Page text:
Serving the campus of the University of Alabama since 1894

The Crimson White

Serving the campus of the University of Alabama since 1894

The Crimson White

Serving the campus of the University of Alabama since 1894

The Crimson White

YouTube’s user-generated content grows in popularity as a news source

A recent Pew study shows YouTube is becoming an increasingly popular outlet for many people, students included, to watch the news. While television newscasts are still a main source, the user-generated content of YouTube is ushering in a more readily available, on-demand type of news.

According to the study, most YouTube viewers visit the site in search of news relating to natural disasters or political upheavals. This footage is often a mix between raw footage of citizens directly involved in the event and edited footage from traditional news organizations.

UA professors have noticed the trend of increased YouTube viewing.

George Daniels, associate professor of journalism, said he believes YouTube is a great tool for many different reasons and even has his own YouTube channel.

“I think it’s absolutely fantastic to have a channel where you can give people more than just selected sound bites,” Daniels said. “You can actually give people full range of what was said in context. That’s one of the biggest pluses of YouTube, but also because people can comment and interact with the media.”

Jennifer Greer, a professor of journalism, has done her own research on the public’s use of various media and has found that Facebook and Twitter, in addition to YouTube, are ways in which users share online content.

“What people used to do when they were getting digital news is they would go directly to the legacy medias’ websites, so they would go directly to ABC or CNN or Fox News website and get the news,” Greer said. “But with the increase of social media and networking, what we’re finding is the people are sharing news through their social networks.”

While both professors believe that this “citizen journalism” is a good thing for the public, each voices specific concerns as to the discretion of viewers and to the agenda setting of the news corporations.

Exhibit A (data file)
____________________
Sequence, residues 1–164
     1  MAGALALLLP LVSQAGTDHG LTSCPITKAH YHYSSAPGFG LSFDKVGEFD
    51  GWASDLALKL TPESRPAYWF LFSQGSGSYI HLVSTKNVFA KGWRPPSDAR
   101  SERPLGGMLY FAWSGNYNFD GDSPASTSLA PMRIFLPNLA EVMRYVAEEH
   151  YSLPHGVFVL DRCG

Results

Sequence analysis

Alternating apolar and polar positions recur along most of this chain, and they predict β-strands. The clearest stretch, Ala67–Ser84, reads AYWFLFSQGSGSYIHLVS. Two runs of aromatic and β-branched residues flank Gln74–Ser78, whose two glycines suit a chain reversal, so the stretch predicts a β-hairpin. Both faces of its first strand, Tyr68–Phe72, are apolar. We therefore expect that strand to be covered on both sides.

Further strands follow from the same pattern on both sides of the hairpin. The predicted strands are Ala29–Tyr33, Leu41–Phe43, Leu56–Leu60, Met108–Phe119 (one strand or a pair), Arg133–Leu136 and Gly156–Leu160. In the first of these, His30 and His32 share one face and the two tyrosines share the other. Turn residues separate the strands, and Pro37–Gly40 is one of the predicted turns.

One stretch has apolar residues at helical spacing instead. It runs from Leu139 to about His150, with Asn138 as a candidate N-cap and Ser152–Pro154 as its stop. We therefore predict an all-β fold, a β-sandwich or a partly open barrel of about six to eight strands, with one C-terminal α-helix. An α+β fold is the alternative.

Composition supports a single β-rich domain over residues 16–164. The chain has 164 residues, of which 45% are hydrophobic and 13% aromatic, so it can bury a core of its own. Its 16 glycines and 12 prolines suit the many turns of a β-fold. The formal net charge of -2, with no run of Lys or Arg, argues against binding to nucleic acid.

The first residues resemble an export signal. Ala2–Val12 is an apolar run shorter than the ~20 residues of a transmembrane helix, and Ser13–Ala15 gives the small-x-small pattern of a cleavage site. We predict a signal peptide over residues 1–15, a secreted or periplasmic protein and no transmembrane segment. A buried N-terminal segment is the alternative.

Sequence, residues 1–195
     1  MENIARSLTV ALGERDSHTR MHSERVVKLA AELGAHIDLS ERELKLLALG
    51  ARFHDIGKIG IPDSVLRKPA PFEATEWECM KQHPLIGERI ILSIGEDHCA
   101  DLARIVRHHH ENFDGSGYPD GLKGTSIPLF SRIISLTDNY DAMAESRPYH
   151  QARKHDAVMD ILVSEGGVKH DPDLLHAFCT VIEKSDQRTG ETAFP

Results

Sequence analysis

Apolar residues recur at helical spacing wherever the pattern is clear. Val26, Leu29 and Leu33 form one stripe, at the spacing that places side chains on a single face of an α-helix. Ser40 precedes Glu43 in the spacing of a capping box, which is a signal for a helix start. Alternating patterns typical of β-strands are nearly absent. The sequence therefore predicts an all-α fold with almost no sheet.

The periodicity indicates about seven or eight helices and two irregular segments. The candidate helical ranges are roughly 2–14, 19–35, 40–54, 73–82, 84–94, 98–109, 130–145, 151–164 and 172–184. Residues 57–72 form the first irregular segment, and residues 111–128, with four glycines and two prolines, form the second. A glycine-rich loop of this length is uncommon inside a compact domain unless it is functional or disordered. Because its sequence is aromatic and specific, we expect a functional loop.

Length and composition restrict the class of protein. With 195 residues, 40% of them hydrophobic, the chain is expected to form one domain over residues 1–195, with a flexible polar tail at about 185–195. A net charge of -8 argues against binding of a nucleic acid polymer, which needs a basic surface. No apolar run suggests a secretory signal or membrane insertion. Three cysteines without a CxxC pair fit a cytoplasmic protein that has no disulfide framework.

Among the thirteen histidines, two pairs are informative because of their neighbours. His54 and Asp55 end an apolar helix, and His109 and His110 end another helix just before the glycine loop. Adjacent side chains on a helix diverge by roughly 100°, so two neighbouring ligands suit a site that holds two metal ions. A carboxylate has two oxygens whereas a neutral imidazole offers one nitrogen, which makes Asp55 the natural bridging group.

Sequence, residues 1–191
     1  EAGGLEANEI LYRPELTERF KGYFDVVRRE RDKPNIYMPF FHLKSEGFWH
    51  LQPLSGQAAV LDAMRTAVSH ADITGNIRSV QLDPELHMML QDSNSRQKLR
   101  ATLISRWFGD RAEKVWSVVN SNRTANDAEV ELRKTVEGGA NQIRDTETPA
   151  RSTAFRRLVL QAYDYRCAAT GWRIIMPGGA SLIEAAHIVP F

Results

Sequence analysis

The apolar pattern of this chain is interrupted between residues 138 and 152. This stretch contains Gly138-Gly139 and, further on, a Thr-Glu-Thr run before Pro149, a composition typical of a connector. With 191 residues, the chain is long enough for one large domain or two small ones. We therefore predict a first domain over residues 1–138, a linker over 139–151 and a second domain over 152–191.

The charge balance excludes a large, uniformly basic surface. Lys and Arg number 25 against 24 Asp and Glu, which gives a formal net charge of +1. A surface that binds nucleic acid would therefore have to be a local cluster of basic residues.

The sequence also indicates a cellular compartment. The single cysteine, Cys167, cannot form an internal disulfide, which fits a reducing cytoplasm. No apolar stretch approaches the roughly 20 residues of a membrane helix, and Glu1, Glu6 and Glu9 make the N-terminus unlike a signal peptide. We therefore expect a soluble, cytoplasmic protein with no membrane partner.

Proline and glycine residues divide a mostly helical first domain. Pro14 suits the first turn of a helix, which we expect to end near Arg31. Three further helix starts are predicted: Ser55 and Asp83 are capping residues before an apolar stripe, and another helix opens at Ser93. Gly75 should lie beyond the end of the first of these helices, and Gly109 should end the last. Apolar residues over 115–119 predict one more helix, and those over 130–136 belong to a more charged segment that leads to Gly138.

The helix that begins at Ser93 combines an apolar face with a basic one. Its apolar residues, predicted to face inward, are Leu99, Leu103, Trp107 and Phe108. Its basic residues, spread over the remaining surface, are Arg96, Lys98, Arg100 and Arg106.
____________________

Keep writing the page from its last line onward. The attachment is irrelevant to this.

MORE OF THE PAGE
“What we have to be careful about is that we, as a consumer, check to see who posts the video, was there an agenda involved. We’re not necessarily going to see other sides,” Daniels said. “We’re going to see a particular perspective of the person who posted it. So, you have to work a little harder when using YouTube video to find all different perspectives.”

Greer is also focused with the agenda-setting side of online social media. Her recent study focused on the “opinion leaders” – popular celebrities like Rihanna and Lady Gaga – and their relationship to the news stories that become viral. Greer found that these celebrities, more often than not, turn to traditional news outlets for their information, which is then relayed to the public. With the increasing amount of citizen content showing up in places like YouTube, the traditional media is now acting more as a mediator.

“News media plays an increasingly important role of not just gathering information on their own and disseminating information, which has been our traditional role, but now we’re playing this role of filter of information,” Greer said. “In an era where everybody is a publisher and everybody is a broadcaster, people need folks they can trust to help make sense of what’s true and what’s not true and what’s important and what’s not important.”

While there is still speculation on credibility for YouTube news, UA students are turning to it for a source of information.

Hannah Downing, a senior majoring in advertising and public relations, used YouTube as a form of gathering information during the April 27 tornadoes.

“After the tornadoes that came through Tuscaloosa last spring, I used YouTube to watch footage of the storm,” Downing said. “I wanted to know what it was that I had been hiding from and actually see the thing that tore our town apart.”

Connor Cook, a sophomore majoring in political science and economics, said he searches mainly for news stories he might have missed and thinks YouTube is more neutral than major news outlets.

“I feel like videos on YouTube are the most unbiased forms of news because the people posting them on there have no hidden agenda or sponsors they have to please,” Cook said. “They only post for the sake of sharing the videos.”

More to Discover